Category Archives: Blog

Articles related to this Blog

OLE DB Destination Configuration. Notice the "Keep nulls" switch is unchecked.

#0389 – SQL Server – SSIS – OLE DB Destination – Table Fast Load – Keep NULLs option


SQL Server Integration Services (SSIS) are typically called upon when integrating systems exchange data from one source to a given destination. The reason I use the term “source” and “destination” instead of a “database” because either of the two can be something other than a database (a flat file, some web-service, a script task, etc). This is possible because SSIS is more like any other .net framework based programming language (C# or VB.net).

OLE DB destination

Because one would commonly have either a Microsoft Access or a Microsoft SQL Server on at least one side of the integration, the most common source & destinations used in a SSIS-based data solution are the OLE DB Source and the OLE DB Destination. The OLE DB destination allows you to load data to a table, a view or even a SQL command (e.g. the results of a statement execution).

In order to load data as quickly into the destination as possible, the  OLE DB destination allows us to use a “Fast Load” mode. The “Fast Load” option allows the data team to configure various options that affect the speed of the data load:

  1. Keep Identity
  2. Keep NULLs
  3. Table Lock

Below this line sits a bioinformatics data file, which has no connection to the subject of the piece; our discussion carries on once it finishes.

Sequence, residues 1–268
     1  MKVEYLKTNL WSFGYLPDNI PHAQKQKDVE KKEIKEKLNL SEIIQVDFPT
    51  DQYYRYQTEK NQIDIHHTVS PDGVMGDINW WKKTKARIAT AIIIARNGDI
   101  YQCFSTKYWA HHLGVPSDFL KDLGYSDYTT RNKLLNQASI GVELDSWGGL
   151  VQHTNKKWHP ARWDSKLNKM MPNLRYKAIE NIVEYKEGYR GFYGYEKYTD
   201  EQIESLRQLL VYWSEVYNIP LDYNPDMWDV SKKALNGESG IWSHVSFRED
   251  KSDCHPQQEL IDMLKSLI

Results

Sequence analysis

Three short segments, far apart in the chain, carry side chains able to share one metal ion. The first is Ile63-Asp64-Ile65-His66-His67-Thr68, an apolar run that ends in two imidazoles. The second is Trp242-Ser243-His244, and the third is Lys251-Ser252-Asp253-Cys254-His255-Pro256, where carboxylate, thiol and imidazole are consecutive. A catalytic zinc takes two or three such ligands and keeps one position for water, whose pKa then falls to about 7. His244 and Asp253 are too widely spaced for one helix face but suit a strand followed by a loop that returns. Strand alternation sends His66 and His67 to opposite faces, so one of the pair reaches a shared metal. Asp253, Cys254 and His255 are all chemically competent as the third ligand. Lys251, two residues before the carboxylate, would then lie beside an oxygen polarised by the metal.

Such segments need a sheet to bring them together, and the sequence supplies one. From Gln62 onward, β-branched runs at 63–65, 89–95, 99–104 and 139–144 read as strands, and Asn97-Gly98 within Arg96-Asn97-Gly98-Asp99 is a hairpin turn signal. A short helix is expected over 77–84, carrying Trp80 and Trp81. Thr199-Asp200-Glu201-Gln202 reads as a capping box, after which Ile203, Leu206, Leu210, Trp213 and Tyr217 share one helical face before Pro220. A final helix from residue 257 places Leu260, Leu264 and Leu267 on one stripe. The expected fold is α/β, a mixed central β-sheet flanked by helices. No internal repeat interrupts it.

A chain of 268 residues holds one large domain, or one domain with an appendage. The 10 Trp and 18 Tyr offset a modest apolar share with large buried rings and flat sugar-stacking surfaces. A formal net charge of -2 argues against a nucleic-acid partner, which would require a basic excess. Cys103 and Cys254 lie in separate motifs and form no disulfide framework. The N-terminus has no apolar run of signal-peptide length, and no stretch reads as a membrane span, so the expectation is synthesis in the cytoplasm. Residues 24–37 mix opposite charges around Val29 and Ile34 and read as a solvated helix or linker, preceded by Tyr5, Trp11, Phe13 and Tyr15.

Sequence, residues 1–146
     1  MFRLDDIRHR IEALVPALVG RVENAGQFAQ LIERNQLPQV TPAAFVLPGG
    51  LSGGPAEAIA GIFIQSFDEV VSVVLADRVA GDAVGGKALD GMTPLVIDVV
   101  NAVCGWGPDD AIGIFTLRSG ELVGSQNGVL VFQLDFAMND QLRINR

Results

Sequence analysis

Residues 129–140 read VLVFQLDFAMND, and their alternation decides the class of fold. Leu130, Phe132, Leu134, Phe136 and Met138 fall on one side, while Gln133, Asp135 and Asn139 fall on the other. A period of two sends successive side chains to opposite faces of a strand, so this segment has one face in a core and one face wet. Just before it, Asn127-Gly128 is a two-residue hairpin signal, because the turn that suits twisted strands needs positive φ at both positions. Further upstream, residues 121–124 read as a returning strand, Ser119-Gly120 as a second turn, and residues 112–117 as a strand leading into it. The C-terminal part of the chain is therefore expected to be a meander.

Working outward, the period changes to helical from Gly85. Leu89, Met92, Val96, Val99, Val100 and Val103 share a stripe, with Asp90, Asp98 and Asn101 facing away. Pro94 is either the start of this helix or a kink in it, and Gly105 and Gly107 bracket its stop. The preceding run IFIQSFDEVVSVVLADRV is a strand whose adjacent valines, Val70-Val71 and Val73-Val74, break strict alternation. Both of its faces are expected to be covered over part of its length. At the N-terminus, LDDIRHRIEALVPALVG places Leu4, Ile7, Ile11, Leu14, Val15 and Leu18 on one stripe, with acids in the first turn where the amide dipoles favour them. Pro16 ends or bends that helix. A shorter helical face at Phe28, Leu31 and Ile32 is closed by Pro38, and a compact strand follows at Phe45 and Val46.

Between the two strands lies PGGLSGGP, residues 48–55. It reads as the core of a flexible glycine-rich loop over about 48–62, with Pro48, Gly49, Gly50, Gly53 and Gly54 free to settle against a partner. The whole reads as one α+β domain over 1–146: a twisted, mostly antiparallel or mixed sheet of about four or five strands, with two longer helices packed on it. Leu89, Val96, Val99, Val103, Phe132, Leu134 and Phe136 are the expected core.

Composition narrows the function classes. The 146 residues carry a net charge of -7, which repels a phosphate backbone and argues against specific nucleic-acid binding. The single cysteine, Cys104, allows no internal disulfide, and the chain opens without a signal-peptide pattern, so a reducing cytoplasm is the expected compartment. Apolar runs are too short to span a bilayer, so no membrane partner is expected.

4. Check Constraints
  5. Rows per Batch
  6. Maximum Insert Commit Size

We will look at each option in detail over the next couple of weeks.

Keep NULLs option

The Keep NULLs option is normally something that most accidental SSIS developers do not pay much attention to. It comes unchecked by default and it left unchecked. However, the state of this checkbox can have a significant impact on the completeness and quality of data being inserted into the destination database.

To clarify, allow me to explain the functionality of this checkbox:

  1. Checked – If a column in the source data has NULL values, keep them as-is
  2. Unchecked – If a column in the source data has NULL values, try to replace them with the default values as defined by the destination DB

The state of this checkbox typically does not make much of a difference because in most cases, the domain and business rules in both the systems involved would be similar. Thus, the if a column in one system allows a NULL value, other systems in the same domain would also allow a NULL (e.g. in most enrollment forms, the last name would generally be mandatory but the first name is not). However, legacy systems (which have been around since decades) would have accumulated a lot data that does not conform to newer domain practices, causing issues during migration. This is when the “Keep Nulls” checkbox comes into action.

In the case I am going to present today, I have a set of Product Names and their corresponding Manufacturers. In a few of these cases, I don’t know the manufacturer and have therefore kept it blank.

USE tempdb;
GO
--Test Data
SELECT [ProductList].[ProductName],
       [ProductList].[ManufacturerName] 
FROM (VALUES ('Windows'     , 'Microsoft'),
             ('SQL Server'  , NULL       ),
             ('VisualStudio','Microsoft'),
             ('MySQL'       , 'Oracle'   ),
             ('PeopleSoft'  , 'Oracle'   )
     ) AS [ProductList] ([ProductName], [ManufacturerName]);
GO
Sample data with some NULL values

Sample data with some NULL values

For the sake of this demo, I have used this query as my source in the test SSIS package. Below is a screenshot of my data flow task.

Using a test data query in the OLE DB source command

Using a test data query in the OLE DB source command